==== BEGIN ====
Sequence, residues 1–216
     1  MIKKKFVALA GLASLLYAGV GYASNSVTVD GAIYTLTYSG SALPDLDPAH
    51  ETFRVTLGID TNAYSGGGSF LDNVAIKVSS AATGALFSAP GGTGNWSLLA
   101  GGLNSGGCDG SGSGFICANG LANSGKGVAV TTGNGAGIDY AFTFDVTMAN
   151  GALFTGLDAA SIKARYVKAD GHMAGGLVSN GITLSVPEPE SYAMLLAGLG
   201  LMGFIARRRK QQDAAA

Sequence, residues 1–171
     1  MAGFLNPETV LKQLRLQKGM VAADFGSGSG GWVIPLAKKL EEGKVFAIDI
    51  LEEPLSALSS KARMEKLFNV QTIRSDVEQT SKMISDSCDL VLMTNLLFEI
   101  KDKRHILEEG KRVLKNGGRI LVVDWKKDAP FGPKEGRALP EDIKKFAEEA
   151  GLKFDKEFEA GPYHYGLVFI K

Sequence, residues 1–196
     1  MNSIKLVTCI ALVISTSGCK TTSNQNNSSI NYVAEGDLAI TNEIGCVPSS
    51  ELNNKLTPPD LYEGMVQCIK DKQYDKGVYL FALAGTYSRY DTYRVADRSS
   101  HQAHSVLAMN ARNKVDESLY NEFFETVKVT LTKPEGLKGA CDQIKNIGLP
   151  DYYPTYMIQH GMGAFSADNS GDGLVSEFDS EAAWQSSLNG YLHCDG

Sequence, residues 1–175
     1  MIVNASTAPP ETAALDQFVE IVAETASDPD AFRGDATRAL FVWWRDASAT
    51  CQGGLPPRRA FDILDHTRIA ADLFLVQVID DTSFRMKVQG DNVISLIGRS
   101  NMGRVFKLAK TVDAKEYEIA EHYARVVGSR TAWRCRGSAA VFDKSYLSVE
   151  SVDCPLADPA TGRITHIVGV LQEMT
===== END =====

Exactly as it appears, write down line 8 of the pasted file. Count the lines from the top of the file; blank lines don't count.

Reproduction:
     1  MAGFLNPETV LKQLRLQKGM VAADFGSGSG GWVIPLAKKL EEGKVFAIDI